Making it a priority to know how these items can be used to facilitate drug use may help a parent or friend to recognize that a loved one is abusing drugs. If you or a loved one is facing a criminal case for possession of drug paraphernalia, or any other drug crime, getting a lawyer to fight for dismissal should also be a high priority.
Defending Drug Paraphernalia Cases
Possession of drug paraphernalia is a crime which is classified as a misdemeanor. In Michigan, misdemeanor cases such as possession of drug paraphernalia, are handled in the district courts. There are 9 district courts in the county of Macomb as follows:
Possession of drug paraphernalia does not belong on your criminal record. Even if you do not have a drug abuse problem, you will have a hard time convincing others that may have access to your record. There are many neat and efficient ways to resolve possession of drug paraphernalia in the Macomb County District Courts to get it DISMISSED. The following provisions of law are widely used to get eligible crimes DISMISSED:
- Consent calendar (age 17 and under): A name given for a juvenile disposition that results in NO RECORD and NO CONVICTION
- HYTA (age 18 but before age 26): The HYTA statute is only available for youthful offenders to get eligible criminal matters DISMISSED with NO PUBLIC RECORD.
- Deferral: A deferral is typically used pursuant to MCL 771.1 to allow a person to earn a dismissal or other leniency after a period of compliance. At the end of the period (1 year for example), which is known as the deferral period, a criminal matter is subject to leniency, dismissal or reduction of the charge(s).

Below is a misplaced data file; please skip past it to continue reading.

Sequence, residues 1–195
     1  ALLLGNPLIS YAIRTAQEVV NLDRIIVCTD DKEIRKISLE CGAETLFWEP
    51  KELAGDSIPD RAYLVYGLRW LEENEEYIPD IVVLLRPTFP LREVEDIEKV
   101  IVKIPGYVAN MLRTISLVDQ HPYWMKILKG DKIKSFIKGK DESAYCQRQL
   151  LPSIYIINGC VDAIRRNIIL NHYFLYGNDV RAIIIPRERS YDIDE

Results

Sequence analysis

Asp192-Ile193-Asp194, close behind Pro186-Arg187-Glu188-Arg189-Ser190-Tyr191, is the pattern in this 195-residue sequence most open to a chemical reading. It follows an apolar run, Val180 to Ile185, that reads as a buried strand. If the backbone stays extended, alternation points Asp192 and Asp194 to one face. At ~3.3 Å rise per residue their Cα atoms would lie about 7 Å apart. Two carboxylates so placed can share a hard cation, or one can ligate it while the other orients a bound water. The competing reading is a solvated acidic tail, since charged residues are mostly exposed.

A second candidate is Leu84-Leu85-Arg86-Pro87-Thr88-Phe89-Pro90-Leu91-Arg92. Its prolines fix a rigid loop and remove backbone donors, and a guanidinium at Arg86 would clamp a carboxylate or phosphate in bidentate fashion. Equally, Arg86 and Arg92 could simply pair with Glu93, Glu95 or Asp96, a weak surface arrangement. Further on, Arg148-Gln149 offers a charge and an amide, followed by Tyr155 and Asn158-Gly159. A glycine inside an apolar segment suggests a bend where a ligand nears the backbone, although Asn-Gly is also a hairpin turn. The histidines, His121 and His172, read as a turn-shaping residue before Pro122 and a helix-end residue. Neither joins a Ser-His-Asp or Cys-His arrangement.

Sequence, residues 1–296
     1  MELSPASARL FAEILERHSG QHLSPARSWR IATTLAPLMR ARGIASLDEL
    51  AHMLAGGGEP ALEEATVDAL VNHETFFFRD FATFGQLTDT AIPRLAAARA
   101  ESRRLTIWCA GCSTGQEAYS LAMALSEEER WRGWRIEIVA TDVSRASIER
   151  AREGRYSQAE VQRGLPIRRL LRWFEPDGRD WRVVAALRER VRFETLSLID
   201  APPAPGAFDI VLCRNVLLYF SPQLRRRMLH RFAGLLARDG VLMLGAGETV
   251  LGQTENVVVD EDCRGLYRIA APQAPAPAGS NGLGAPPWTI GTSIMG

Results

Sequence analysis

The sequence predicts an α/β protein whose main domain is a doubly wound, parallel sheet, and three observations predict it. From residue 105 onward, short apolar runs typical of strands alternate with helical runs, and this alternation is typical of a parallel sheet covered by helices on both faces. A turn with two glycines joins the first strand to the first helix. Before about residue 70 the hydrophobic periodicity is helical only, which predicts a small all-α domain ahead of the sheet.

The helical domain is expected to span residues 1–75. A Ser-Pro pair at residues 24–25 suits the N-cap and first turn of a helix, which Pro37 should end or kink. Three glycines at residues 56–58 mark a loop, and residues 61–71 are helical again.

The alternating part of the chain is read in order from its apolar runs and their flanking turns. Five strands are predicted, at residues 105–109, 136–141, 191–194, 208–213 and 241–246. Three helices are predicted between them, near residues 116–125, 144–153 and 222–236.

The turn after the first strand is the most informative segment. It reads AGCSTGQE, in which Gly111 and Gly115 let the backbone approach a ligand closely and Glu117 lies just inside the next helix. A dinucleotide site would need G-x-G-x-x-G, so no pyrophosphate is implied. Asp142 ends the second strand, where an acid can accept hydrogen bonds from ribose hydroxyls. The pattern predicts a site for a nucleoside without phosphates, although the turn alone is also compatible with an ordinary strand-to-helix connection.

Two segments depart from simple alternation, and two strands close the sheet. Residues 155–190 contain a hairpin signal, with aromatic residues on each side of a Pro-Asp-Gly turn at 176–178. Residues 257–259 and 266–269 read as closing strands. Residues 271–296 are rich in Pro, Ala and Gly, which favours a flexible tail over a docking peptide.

What if drugs are found by the police along with drug paraphernalia
Possession of drug paraphernalia rarely happens by itself and it often accompanied with other criminal charges, such as possession of illegal drugs and maintaining a drug house. Drugs are classified from Schedule 1 to Schedule 5. Schedule I drugs, substances, or chemicals are defined as drugs with no currently accepted medical use and a high potential for abuse. Some examples of Schedule I drugs are: heroin, ecstasy, methamphetamine. All Schedule 1 drug possession crimes are felonies which can carry long term imprisonment and substantial fines. Most drug possession crimes are felonies requiring criminal felony representation. The penalties for illegal “possession” of drugs are as follows:
- Possession of heroin and cocaine can carry up to 4 years in prison and up to a $25,000.00 fine.
- Possession of ecstasy and methamphetamine can carry up to 10 years in prison and up to a $15,000.00 fine.
- Possession of analogues (Xanax, Adderall) without a valid prescription can carry up to 2 years in prison.
Getting a local experienced Macomb County drug crime attorney is a good first step if you are looking to get your drug charges dismissed. MCL 333.7411 is specifically meant to be used for any misdemeanor or felony drug crime involving “use or possession” of drugs, but not for drug crimes involving “delivery or manufacturing”. We can also consent calendar, HYTA and MCL 771.1 to get a drug crime dismissed or reduced from a felony to a misdemeanor.
Search without a warrant based upon plain view or consent
Drug paraphernalia and drug crimes are almost always based upon a search and seizure that is conducted by the police. A search of a person or motor vehicle requires the police to have a warrant or other legal grounds to conduct a search without a warrant. A warrant is not required if something is in “plain view” or if the police obtain voluntary “consent” to conduct a search by someone with proper authority. In order to conduct a consent search, the person whose property is being searched must voluntarily waive his or her Fourth Amendment rights. However, the police do not always follow the rules when conducting a consent search. A consent search can be fought on the grounds that the police used unfair tactics or threats to get consent. Continue reading ›